TOKYO -- Subaru, eager for high-mileage hybrids, is looking at borrowing Toyota's hybrid technology, the brand's top executives say.
Subaru puts its first hybrid, a version of the XV Crosstrek compact crossover, in U.S. showrooms in early December.
Naoto Muto, executive vice president for global engineering at Subaru parent Fuji Heavy Industries, said the brand's in-house hybrid technology is geared more toward sportier driving than fuel economy.
He did not give a timeline for a decision on adopting Toyota's technology or say which vehicles might get it.
The XV Crosstrek Hybrid achieves a combined 31 mpg rating, only slightly better than the combined 28 mpg rating for the standard gasoline XV Crosstrek. It falls far short of the Toyota Prius' combined 50 mpg.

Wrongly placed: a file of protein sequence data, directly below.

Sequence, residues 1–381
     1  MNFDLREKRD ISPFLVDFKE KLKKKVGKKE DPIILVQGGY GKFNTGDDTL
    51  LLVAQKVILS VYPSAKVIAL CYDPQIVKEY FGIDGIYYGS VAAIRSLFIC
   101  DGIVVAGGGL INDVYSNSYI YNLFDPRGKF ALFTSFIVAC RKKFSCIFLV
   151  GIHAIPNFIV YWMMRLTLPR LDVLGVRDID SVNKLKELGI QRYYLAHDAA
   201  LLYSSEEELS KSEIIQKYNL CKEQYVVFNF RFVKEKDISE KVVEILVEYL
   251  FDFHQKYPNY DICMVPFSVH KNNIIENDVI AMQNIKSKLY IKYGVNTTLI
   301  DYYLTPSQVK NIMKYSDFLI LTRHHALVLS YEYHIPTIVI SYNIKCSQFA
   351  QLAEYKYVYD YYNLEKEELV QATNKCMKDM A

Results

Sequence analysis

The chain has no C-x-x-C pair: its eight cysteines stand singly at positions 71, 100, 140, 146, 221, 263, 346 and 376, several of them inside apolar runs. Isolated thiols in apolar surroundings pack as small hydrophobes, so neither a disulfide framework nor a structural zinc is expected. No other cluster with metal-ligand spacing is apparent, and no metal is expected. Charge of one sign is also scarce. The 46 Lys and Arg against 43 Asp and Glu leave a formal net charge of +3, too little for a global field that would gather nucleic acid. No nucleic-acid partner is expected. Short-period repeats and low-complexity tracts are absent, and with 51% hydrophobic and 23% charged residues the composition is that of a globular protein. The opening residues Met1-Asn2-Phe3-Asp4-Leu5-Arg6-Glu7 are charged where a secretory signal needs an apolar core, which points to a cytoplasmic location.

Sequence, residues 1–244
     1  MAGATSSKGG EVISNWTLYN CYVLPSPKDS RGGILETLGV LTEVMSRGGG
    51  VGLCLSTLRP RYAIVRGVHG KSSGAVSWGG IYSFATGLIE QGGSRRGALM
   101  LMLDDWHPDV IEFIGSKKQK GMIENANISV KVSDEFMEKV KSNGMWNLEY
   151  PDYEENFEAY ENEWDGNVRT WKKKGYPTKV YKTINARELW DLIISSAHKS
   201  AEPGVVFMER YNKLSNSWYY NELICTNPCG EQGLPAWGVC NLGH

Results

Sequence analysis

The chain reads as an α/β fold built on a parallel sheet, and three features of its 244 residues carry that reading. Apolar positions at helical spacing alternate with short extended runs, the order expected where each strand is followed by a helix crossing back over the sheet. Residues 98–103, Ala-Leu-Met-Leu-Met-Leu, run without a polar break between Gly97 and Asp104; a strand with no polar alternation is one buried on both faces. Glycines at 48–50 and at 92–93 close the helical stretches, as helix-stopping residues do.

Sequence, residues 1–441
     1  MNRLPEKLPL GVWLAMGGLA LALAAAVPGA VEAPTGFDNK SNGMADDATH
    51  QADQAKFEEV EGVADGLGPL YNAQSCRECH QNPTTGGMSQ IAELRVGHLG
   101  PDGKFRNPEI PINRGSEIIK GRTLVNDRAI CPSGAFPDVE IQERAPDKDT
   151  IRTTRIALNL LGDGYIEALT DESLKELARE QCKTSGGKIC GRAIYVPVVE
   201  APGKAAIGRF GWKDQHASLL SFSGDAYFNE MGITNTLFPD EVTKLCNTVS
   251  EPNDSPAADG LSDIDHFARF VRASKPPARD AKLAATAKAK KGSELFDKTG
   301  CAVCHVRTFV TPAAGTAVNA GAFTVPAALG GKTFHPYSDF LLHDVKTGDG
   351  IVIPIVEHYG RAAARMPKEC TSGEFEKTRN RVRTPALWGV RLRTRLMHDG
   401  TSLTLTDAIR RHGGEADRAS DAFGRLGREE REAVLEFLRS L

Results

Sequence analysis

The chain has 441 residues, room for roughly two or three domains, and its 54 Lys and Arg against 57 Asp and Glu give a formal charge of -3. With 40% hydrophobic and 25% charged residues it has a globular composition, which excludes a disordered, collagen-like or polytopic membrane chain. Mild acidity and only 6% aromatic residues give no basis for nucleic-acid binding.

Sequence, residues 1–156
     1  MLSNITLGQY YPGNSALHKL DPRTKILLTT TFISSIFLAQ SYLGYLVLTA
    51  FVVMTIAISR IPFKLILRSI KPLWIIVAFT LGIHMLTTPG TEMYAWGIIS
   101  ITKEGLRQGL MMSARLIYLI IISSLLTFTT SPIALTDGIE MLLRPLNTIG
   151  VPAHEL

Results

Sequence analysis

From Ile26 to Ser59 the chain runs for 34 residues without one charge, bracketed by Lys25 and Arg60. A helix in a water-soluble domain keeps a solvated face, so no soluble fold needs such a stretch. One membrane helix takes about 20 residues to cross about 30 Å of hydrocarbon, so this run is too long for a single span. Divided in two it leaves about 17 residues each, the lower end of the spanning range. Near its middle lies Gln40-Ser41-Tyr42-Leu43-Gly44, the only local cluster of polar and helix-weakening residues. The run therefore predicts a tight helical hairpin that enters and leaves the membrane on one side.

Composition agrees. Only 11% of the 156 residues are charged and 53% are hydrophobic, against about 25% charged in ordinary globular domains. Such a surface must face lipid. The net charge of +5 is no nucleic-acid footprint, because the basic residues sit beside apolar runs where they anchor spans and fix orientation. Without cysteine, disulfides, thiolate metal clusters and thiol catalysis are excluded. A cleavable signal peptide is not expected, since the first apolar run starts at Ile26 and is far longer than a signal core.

While the standard gasoline XV Crosstrek starts at $22,820, including shipping, the hybrid begins $4,000 higher.
But Subaru can't simply transplant Toyota's system without altering it to fit Subaru's all-wheel-drive layout.
"We are now considering how we can adapt Toyota's system into Subaru vehicles in the future," Muto said.
"But Subaru's layout is all-wheel drive, so we cannot use Toyota's hybrid system without modification. So we have to consider how we can do that."
Toyota owns a 16.5 percent stake in Fuji Heavy, making it the largest shareholder.